Background: We sought to quantify the risk trend of resternotomy coronary artery bypass grafting (CABG) over the past 2 decades. Methods: We compared the outcomes of 194 804 consecutive resternotomy CABG patients and 1 445 894 randomly selected first-time CABG patients (50% of total) reported to The Society of Thoracic Surgeons Adult Cardiac Surgery Database between 1999 and 2018. Primary outcomes were in-hospital mortality and overall morbidity. Using multiple logistic regression for each outcome for each year, we computed the annual trends of risk-adjusted odds ratios for the primary outcomes in the entire cohort and in 194 776 propensity-matched pairs. Results: The annual resternotomy CABG case volume from participating centers declined by 68%, from a median of 25 (range, 14-44) to a median of 8 (range, 4-15). Compared with first-time CABG, resternotomy CABG patients were consistently older, with higher proportions of comorbidities. After propensity matching, primary outcomes of resternotomy and first-time CABG were similar (mortality: 3.5% vs 2.3%, standardized difference [SDiff], 7.5%; morbidity: 40.7% vs 40.3%, SDiff, 0.9%). Mortality of resternotomy CABG performed after prior CABG was higher than that after prior non-CABG (4.3% vs 2.4%; SDiff, 10.8). Morbidity was similar between these subgroups (41.0% vs 39.1%; SDiff, 2.9). The adjusted odds ratio for mortality after resternotomy CABG declined from 1.93 (95% CI, 1.73-2.16) to 1.22 (95% CI, 0.92-1.62), and that of morbidity declined from 1.13 (95% CI, 1.08-1.18) to 0.91 (95% CI, 0.87-0.95), P < .001 for both. Conclusions: The risk of resternotomy CABG has decreased substantially over time. Resternotomy CABG performed after a prior CABG is higher risk compared with that performed after a non-CABG operation.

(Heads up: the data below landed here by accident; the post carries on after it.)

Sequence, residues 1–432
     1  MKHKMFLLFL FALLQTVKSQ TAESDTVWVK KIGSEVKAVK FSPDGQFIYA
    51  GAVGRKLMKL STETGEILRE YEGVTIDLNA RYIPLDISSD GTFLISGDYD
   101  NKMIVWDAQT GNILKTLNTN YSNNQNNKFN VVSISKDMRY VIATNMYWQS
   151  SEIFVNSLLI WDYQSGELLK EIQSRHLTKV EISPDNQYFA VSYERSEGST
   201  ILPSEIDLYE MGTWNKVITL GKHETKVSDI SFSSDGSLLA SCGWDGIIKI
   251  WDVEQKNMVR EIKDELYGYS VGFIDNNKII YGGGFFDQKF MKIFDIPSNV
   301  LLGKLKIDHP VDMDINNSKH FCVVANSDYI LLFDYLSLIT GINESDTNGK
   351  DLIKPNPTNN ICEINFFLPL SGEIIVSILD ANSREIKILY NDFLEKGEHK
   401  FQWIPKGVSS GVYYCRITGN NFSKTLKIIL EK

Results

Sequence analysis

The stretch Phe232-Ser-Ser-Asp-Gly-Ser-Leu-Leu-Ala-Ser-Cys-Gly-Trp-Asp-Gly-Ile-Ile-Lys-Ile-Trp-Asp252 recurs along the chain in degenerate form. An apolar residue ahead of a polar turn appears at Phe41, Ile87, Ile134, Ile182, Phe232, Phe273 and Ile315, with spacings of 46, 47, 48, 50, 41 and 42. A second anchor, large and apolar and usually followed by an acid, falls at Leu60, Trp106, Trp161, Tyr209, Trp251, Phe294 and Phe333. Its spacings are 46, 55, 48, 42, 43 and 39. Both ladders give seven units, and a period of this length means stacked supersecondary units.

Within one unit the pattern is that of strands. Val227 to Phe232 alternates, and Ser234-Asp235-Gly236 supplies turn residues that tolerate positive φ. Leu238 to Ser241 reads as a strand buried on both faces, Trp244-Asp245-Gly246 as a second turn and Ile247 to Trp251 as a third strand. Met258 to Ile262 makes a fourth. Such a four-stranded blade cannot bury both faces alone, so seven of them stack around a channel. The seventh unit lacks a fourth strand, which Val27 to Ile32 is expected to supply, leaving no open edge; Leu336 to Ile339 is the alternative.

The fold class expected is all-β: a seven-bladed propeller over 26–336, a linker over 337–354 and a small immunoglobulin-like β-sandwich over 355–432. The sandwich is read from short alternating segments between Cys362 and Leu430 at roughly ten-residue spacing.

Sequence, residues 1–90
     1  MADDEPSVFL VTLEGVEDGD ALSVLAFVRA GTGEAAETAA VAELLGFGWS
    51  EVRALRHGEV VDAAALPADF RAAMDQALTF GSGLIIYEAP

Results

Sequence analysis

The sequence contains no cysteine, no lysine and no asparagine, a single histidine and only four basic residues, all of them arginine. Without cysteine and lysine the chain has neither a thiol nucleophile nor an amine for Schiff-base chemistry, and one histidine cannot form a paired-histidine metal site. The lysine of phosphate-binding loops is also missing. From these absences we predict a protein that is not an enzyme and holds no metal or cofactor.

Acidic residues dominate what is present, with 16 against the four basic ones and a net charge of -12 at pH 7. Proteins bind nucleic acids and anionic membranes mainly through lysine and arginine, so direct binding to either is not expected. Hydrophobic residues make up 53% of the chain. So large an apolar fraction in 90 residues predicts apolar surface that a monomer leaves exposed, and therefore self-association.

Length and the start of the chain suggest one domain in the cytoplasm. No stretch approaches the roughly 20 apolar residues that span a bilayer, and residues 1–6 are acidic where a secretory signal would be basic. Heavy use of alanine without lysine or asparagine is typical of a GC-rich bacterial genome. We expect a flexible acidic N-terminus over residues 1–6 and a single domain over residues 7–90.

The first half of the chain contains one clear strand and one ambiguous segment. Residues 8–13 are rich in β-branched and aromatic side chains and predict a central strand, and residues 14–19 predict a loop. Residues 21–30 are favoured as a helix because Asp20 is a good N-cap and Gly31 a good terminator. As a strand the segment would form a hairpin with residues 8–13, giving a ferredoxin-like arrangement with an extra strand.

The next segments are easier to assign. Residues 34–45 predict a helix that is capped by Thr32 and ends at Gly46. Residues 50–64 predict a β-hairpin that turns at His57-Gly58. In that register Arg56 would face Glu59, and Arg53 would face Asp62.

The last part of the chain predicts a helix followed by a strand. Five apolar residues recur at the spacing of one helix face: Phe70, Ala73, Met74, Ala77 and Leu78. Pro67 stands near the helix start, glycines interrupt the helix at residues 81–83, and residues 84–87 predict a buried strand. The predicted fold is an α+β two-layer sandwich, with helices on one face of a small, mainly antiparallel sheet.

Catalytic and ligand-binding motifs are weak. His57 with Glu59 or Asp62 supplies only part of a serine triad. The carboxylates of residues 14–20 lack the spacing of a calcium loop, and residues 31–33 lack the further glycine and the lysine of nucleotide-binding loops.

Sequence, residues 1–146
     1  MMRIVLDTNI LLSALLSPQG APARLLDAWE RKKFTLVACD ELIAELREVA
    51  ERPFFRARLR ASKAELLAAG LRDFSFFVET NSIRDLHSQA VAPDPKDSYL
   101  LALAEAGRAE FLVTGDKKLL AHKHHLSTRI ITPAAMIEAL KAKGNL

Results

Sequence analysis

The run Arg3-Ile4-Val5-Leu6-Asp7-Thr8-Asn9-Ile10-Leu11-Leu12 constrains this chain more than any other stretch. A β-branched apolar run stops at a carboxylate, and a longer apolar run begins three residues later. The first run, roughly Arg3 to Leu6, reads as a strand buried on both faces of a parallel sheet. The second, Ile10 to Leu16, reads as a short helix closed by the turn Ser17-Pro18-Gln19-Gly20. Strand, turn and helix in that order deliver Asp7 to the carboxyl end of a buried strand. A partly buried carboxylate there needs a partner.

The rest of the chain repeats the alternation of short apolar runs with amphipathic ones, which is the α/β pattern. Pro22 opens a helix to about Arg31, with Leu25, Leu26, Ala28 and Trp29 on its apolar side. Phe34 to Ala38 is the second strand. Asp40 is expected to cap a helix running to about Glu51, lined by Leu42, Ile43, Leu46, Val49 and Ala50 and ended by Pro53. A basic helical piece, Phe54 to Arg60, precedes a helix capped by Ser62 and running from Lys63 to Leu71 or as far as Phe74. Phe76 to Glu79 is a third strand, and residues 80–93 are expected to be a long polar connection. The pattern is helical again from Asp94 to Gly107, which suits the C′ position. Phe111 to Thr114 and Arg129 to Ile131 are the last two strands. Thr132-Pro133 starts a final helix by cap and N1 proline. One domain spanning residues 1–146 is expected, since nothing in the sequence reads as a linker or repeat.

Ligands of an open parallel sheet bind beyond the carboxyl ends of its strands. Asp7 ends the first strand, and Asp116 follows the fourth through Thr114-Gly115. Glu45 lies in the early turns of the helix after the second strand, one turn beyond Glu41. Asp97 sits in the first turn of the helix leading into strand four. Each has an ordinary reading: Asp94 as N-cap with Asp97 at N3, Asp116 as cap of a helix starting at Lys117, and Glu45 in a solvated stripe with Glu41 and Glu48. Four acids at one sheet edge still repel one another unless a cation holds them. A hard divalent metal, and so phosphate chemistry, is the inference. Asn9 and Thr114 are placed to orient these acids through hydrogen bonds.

Bibliographical noteFunding Information:
This work was funded in part by Beare Foundation and the Hadassah Hebrew University Medical Center Research Fund 6071003 .
The data for this research were provided by The Society of Thoracic Surgeons National Database Participant User File Research Program. Data analysis was performed at the investigators’ institutions. The authors wish to thank Robert Habib, PhD, for his invaluable assistance, and Jonathan Rosenblatt for providing computing resources for this study. This work was funded in part by Beare Foundation and the Hadassah Hebrew University Medical Center Research Fund 6071003. The authors have no conflicts of interest to disclose.
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